Leidy, a sponsored child in Guatemala, jumps rope in her yard — a great game for a single player.
Recess! Sponsored girls in Hyderabad, India, take a break from their schoolwork to have some fun on the playground.
Sponsored children play in the Pamucutan River of the Philippines to escape from the heat of the sun.
Leidy, a sponsored child in Guatemala, shows her little brother Melvin how to ride a bicycle.
Sponsored friends in Cartagena, Colombia, traveled to the beach for a recreational outing. Some of them had never visited the ocean before, and they loved every minute of it!
Bouncy castles and summer are just plain meant for each other, and it looks like Madhusha, a sponsored child in India, agrees with us. Sponsored children and their families get a day of fun and excitement for their annual family fun fest.
Football, soccer or kickball, whatever you call it, this outdoor game is perfect for a summer day. Sponsored children in Kenya are organized into teams and play each other on the field.
Although many sponsored children in Cartagena, Colombia, live near the beach, some had never visited before because of the transportation costs to get there and the high-priced tourism nearby. They said visiting the ocean was like a dream — feeling the warm water and playing games with their friends.
Graduation season is here, and we couldn’t be more proud of all of those who are achieving their dreams of education. Whether it’s finishing high school or completing a higher education, all of these grads have a lot to celebrate.
Valedictorian Rizalyn stands with her mom after giving a commencement speech in the Philippines.
Rubilyn stands with her son Jeff after he received his bachelor of science in information technology in the Philippines.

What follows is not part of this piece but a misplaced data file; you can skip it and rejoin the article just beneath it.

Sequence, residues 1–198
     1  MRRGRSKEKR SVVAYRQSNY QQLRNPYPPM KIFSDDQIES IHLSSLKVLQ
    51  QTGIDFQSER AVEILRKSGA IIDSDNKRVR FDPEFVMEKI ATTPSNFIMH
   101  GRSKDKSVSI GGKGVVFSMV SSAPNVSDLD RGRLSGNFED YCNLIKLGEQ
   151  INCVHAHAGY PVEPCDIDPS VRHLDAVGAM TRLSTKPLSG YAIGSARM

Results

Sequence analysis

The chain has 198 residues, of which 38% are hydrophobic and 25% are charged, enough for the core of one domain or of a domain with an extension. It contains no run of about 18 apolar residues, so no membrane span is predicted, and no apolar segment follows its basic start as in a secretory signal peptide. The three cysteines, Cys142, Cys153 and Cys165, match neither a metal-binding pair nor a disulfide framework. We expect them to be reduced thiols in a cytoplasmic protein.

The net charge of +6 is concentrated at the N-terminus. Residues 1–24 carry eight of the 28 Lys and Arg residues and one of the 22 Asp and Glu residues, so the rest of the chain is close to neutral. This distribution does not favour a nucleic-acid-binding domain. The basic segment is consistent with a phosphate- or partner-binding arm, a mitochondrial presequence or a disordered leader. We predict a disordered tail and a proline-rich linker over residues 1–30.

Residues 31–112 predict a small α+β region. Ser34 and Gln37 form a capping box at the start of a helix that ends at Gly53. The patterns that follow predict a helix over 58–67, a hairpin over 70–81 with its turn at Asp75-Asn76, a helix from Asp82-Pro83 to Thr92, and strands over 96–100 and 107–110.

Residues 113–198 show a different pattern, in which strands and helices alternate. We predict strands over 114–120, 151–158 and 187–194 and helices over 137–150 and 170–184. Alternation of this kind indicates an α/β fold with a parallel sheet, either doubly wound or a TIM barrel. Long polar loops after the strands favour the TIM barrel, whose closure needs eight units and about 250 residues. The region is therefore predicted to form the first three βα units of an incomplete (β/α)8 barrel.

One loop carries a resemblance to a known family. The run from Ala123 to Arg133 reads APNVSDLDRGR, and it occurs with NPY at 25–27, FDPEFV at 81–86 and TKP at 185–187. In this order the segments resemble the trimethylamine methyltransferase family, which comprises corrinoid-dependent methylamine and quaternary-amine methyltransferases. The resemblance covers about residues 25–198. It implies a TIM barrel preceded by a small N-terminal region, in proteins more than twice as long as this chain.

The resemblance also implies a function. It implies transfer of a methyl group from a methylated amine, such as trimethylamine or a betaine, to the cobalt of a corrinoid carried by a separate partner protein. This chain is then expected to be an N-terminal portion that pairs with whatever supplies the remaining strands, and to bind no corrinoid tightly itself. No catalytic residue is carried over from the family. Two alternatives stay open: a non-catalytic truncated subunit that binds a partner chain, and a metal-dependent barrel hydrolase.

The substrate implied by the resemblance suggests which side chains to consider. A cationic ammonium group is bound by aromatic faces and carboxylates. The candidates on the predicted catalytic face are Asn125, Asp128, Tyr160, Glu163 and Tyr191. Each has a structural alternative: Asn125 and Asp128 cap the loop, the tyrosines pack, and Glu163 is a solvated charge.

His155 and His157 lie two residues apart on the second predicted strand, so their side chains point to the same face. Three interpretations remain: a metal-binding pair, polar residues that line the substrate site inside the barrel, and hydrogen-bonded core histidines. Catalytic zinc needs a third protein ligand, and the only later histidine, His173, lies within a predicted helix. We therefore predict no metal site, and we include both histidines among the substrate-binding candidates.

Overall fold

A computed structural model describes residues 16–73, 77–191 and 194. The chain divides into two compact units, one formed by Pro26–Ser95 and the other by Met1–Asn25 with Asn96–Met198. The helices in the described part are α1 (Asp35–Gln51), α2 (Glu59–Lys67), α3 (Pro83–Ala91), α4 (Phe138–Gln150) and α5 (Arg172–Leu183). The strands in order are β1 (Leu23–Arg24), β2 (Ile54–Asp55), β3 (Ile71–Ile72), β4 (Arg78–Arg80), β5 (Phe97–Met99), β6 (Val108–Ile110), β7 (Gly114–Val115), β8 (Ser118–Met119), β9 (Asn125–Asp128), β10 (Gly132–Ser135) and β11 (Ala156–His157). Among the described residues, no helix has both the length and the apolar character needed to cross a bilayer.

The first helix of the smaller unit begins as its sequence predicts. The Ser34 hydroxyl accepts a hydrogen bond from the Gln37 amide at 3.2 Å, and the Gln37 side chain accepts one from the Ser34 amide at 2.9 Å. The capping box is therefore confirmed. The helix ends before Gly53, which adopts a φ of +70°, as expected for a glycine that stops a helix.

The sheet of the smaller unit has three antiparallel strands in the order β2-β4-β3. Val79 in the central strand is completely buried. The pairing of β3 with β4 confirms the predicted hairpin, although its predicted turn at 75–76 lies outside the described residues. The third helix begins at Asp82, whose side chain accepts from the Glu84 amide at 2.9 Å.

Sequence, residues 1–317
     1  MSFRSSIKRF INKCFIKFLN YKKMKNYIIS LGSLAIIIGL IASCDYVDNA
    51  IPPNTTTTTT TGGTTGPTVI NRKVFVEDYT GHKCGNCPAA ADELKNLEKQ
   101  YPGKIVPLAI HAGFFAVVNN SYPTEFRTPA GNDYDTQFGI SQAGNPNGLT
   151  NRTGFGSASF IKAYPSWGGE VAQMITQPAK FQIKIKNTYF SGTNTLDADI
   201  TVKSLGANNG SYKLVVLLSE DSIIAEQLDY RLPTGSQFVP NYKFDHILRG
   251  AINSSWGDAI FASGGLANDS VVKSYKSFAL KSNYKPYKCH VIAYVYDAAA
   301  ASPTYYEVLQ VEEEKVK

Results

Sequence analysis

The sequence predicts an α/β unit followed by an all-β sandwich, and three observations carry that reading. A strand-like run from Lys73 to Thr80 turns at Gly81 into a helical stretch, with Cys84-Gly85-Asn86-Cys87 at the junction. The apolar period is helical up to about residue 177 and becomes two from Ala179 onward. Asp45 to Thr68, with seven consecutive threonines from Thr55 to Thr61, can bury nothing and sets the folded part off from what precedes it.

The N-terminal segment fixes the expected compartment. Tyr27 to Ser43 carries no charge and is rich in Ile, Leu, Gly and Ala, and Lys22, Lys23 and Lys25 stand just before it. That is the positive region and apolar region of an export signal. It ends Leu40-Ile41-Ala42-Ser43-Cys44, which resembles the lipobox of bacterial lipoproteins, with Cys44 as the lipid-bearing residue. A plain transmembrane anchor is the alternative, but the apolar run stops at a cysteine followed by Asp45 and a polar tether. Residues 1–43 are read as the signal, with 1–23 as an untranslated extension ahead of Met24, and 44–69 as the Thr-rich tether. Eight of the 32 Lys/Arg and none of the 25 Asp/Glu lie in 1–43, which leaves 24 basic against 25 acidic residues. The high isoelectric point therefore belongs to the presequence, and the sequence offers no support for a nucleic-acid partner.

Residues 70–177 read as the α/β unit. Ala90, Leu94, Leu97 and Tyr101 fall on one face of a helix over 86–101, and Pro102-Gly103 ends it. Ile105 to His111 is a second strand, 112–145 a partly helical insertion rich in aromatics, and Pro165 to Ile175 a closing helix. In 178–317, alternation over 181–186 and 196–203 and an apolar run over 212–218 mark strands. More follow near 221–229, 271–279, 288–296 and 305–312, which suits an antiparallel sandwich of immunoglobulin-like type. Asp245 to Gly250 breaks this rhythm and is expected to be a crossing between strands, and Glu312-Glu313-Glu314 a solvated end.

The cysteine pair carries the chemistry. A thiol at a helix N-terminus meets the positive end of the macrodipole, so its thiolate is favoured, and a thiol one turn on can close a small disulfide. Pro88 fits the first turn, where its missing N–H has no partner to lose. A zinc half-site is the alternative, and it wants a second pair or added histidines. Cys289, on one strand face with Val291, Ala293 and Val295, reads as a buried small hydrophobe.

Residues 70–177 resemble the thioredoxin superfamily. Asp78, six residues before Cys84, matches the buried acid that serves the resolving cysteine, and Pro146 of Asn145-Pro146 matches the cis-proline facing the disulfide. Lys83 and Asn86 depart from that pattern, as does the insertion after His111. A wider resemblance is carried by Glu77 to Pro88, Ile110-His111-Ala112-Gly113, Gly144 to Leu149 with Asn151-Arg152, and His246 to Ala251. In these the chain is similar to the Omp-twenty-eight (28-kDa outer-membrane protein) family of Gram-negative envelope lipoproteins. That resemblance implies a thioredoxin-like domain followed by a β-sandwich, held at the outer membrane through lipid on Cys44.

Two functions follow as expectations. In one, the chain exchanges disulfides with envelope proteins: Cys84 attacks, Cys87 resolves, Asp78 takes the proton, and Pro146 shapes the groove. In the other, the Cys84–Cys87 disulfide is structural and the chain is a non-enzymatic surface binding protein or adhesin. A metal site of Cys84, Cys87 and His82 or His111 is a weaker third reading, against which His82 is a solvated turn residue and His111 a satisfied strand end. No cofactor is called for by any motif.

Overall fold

Ugandan graduates share their success stories.
Jyoti from India completed her master’s degree.
Salvadoran scholar Maria graduated with a teaching degree.
After graduation, Ugandan scholar Veronica got a job as a teacher.
Jeff and his classmates are excited to have earned their degrees.
Mary Grace and her proud parents at home in the Philippines.
Guatemalan scholar Rudy with his diploma.
Indian scholar Annie earned a degree in biotechnology.
These Filipino scholars celebrate after graduation.
Graduates in Uganda enjoy a celebratory picnic put on by Unbound.
Jozel from the Philippines stops for a photo after receiving her diploma.
Feresian is a graduate in Uganda who is now working as an Unbound social worker.
Sisters Diana and Annie from the Philippines completed teachers college together.
Elderly people need sponsors, too! We have several elders on our waiting lists who would love to have someone to write to and share their joys. Check out the list below for some of those who need a sponsor.
Sponsored youth from the Dumagat tribe in the Philippines splash in cool waters flowing from the Sierra Madre Mountains. Summer has started in the Philippines, with temperatures topping 90 degrees Fahrenheit in some areas. That sounds pretty nice to those of us in the U.S. who just recently emerged from winter’s deep freeze!